A member of the neo-Confederate Hiwaymen took to the steps of the Arkansas state capitol at a rally Saturday to denounce abortion as a Nazi tactic used to promote eugenics.
A few feet away, Johan Carollo led members of the neo-Nazi Shieldwall group in taunting counterprotesters.
“Six million more! Six million more!” they chanted, making a reference to the frequently cited estimate of Jewish people killed in the Holocaust.
The rally in Little Rock on March 9 had been advertised as a pro-Second Amendment and anti-abortion gathering of the two groups. While signs waved by members of both covered those topics, the rhetoric was decidedly anti-abortion from the Hiwaymen and confusing from Shieldwall, which seemed mostly interested in taunting the counterprotesters.
About 25 members of the Hiwaymen stood on the capitol steps as clouds gave way to sunshine throughout the afternoon. About a dozen people wore the black of Shieldwall, although some, such as Carollo, were former members of the Traditionalist Worker Party (TWP) and the National Socialist Movement (NSM).
For Billy Roper, the head of Shieldwall, the turnout was about average for him – less than promised and less than overwhelming.
Overall, the turnout of people and groups fell short of the pre-event hype. Both the League of the South and the Knights Party, a Christian Identity-focused Ku Klux Klan organization run by infamous racist Thomas Robb, promoted the rally.
Neither showed up.
In the days leading up to the event, the Hiwaymen promoted the gathering, but didn’t mention Roper. And except for a few visible arguments between members of the two groups, there was almost no interaction between the Hiwaymen and Shieldwall members. Save for two visitors from Minnesota who were touring the capitol and seemed amused by the demonstration, the general public had no presence at the rally. It turned into the racist groups and counterprotesters shouting and blowing air horns at one another.
The Hiwaymen, waving “Trump 2020” and Confederate flags, took the high ground, manning the steps of the capitol building. In front of the barricades at the foot of the steps stood Roper’s Shieldwall crew. Between them and a crowd of about 25 counterprotesters were Little Rock and state capitol police.
The noise from the horns and the yelling back and forth made it tough for anyone to hear what was being said. But one speaker on the steps, a woman, talked about abortion and other topics for nearly 40 minutes.
“We don’t say his name, but we call out Lucifer,” she said to no discernable reaction from the crowd.
Billy Sessions, a member of the Hiwaymen known for appearing shirtless in Facebook live videos, announced a run for president amid what sounded like a stand-up comedy routine.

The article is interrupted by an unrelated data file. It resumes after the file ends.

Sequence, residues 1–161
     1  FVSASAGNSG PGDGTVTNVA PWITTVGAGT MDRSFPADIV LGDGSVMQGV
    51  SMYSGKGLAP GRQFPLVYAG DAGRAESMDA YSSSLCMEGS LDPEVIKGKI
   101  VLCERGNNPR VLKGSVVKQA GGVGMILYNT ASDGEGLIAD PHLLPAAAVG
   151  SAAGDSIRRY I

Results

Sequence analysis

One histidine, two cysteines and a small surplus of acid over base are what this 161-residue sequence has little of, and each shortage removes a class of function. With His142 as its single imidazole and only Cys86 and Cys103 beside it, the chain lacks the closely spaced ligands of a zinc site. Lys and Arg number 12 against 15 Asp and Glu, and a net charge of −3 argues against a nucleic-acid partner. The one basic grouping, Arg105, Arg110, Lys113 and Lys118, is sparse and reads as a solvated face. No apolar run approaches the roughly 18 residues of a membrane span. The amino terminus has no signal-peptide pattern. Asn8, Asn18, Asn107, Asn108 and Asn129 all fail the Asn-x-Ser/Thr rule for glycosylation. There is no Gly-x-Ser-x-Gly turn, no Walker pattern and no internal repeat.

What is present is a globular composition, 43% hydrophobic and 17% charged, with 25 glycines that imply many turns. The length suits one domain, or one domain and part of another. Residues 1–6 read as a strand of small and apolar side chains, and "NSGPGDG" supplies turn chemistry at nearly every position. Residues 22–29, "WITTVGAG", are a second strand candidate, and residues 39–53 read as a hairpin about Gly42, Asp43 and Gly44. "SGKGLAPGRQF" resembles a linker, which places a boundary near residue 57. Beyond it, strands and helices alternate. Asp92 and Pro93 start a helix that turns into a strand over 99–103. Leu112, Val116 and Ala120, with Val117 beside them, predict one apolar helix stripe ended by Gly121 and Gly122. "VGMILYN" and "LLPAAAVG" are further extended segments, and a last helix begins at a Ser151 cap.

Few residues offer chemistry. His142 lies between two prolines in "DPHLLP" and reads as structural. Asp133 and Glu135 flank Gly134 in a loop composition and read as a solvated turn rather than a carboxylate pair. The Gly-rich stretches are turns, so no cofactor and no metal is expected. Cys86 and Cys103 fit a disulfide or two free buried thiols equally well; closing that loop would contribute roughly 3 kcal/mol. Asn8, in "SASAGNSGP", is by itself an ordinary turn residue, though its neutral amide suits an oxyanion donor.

“Y’all look like a messed up Brady Bunch out there,” Sessions said of the Shieldwall members. “We don’t always get along, but we are kind of a family.”
Carrollo took the verbal lead for Shieldwall, relegating Roper to almost spectator status.
“I want to thank you for joining us to celebrate George Lincoln Rockwell’s birthday,” Carollo said. The rally fell on the 101st birthday of George Lincoln Rockwell, the founder of the American Nazi Party.
Carrollo was a member of the neo-Nazi group the Traditionalist Worker Party. TWP fell apart in March 2018, and NSM was thrown into turmoil last month when a black civil-rights advocate took over the organization.
As a counterprotester shouted, “Nazis go home,” Carollo decided to correct the historical record.
“The Nazis disbanded in 1945,” Carollo shouted into a bullhorn. “We’re fascists. Get it right.”
The rally proved to be the latest meeting point between the Hiwaymen and Roper’s organization. Both were at a rally in Bentonville, Arkansas, in March 2018 that coincided with the national “March for Our Lives.”
Roper’s crew numbered roughly nine people that day, while across the way from them stood the Hiwaymen, a group of NRA members and a posse of Three Percenters called the Freedom Crew.
Around 2:30 p.m., the rally started to wind down. The crowd of counterprotesters dwindled to a handful of people. Carollo led the Shieldwall contingent in a group Nazi salute. Then the police escorted the black-clad neo-Nazis across the street to their cars.
The Hiwaymen continued on for about another 45 minutes before winding down and leaving the capitol.
The neo-Nazis held a swastika-burning that night and a birthday party for Rockwell on private property. Police were called in before the night ended to break up the celebration.